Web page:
When Serial Murderer Charles Manson Tried to Move to Moundsville, WV

 

 

 

In 1983, cult leader, musician and serial murderer Charles Manson was in California state prison when he wrote to the warden of the West Virginia state penitentiary in Moundsville, requesting a transfer there.

This is one of the stories about the prison that paranormal collector Steve Hummel tells in our movie, Moundsville (which you can watch by ordering here) and it’s a popular one in town.

Manson, who died in 2017, was born in 1934 in Cincinnati to a 16-year-old girl, Kathleen Maddox, who went on to live a life of petty crime. Charles’ youth was spent bouncing around West Virginia and Kentucky, including long stretches in McMechen, a small town near Moundsville in Marshall County.

Locked up in 1971, for seven murders, including that of actress Sharon Tate, he requested to be moved to West Virginia.

“Dear Sir,” he began, in a letter to the warden that’s displayed in the Moundsville pen, which closed in 1995 and is now a museum. “You may know some of my ken folks God knows they been enough of us in & out of your place. I’m a beanie brother from way back. California prison people had me in the hole for 14 years. They done told a pack of lies & built up so much fear.”

“Would you accept me at your place?” Manson continues in the letter. “I’m a good worker & I give you my word I’ll start no trouble. I’ve been in prison hallways over 30 years & never lied to you & never rated. That should count for something somewhere. Thank you, Charles Manson.”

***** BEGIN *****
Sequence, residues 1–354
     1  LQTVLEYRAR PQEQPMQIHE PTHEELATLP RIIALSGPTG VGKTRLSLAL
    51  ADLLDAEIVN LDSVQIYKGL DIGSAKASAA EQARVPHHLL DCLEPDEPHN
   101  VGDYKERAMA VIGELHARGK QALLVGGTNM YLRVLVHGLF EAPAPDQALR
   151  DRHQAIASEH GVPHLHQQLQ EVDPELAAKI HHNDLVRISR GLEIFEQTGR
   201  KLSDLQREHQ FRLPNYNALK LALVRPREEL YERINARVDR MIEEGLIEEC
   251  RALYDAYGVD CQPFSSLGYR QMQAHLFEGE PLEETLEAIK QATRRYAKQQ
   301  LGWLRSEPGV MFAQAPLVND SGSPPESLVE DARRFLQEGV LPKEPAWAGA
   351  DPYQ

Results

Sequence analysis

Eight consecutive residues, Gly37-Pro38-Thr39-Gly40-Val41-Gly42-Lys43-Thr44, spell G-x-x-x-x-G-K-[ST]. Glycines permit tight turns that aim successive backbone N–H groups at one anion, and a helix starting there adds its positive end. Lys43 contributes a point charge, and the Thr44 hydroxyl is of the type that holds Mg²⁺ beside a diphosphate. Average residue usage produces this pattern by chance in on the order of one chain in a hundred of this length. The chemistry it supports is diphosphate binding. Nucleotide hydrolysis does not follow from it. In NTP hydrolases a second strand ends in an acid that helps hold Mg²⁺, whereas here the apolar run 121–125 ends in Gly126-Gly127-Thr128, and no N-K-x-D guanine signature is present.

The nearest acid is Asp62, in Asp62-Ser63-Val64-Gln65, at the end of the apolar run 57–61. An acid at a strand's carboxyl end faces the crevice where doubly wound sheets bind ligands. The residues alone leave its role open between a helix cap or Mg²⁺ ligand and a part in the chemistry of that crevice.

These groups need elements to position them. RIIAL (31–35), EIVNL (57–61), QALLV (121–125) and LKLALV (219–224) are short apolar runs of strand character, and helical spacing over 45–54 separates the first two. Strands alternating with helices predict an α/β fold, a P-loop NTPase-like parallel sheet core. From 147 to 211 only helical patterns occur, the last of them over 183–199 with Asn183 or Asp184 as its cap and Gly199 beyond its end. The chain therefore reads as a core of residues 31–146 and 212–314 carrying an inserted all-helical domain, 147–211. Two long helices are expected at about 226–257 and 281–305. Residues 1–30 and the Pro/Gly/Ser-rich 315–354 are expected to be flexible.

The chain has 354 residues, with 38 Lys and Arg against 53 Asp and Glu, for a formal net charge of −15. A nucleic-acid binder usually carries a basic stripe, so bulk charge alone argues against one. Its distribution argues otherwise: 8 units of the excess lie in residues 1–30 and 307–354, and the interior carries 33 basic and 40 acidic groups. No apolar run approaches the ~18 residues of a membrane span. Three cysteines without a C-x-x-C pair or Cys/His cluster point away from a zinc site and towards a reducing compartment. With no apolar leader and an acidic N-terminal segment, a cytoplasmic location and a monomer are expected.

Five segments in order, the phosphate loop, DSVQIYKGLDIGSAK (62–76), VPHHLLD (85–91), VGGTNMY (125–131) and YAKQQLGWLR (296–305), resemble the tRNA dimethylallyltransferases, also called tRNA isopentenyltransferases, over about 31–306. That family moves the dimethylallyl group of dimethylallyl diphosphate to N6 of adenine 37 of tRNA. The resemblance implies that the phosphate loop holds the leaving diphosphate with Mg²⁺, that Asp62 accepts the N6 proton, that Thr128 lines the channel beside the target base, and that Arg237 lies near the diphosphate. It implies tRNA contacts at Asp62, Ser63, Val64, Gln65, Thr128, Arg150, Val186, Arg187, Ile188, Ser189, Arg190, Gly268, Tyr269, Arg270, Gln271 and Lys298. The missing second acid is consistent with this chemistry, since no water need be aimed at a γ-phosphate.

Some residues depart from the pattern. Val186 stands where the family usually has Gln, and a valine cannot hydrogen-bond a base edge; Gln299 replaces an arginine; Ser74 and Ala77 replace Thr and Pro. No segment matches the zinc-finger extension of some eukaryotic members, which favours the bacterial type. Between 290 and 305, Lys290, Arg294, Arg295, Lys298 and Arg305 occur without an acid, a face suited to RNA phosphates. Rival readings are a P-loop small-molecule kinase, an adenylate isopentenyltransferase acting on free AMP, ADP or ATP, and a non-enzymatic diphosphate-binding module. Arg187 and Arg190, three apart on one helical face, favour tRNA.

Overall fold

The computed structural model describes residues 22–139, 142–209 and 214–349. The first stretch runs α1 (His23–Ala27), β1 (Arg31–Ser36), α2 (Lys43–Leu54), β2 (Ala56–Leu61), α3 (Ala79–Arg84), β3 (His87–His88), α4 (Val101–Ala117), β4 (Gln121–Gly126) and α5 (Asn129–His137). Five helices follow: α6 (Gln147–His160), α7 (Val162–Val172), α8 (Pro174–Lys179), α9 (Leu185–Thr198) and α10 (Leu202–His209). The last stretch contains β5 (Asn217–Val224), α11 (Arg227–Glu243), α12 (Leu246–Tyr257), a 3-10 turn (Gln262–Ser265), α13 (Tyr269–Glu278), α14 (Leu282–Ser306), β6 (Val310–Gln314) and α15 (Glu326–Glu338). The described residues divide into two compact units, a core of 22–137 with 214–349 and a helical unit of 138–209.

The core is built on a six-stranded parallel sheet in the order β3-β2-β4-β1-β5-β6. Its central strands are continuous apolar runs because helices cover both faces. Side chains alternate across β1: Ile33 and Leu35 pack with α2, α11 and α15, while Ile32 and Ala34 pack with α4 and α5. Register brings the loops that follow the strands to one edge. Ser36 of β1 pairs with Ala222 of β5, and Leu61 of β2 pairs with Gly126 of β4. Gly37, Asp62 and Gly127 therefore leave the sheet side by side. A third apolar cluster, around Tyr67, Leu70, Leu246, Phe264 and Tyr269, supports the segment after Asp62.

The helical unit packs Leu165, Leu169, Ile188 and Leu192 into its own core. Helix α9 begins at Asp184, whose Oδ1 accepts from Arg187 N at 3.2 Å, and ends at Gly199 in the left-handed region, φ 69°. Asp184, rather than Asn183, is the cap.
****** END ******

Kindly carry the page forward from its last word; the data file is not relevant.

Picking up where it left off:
Warden Donald Bordenkircher declined, telling the United Press International that it would be a “a cold day in hell” before he admitted Manson.

“I’m not really into Charles Manson,” Steve says in a phone call. “There were prisoners in the Moundsville pen who were a lot more violent than he was.”

At his own museum in Moundsville, “Archives of the Afterlife”, which I recommend visiting, Steve has a postcard from Charles Manson to a PO Box address in Orange, CA, with a certificate of authenticity. He texted me pictures of the front and back of the card:

 

So why the fascination in town with the Manson anecdote? “We don’t have too many celebrities associated with this area,” says Steve, listing baseball player George Brett, singer Brad Paisley and the writer Davis Grubb.

Maybe, I suggest, a small town yearns for any connection to the wider world. Steve agrees.

John W. Miller

 

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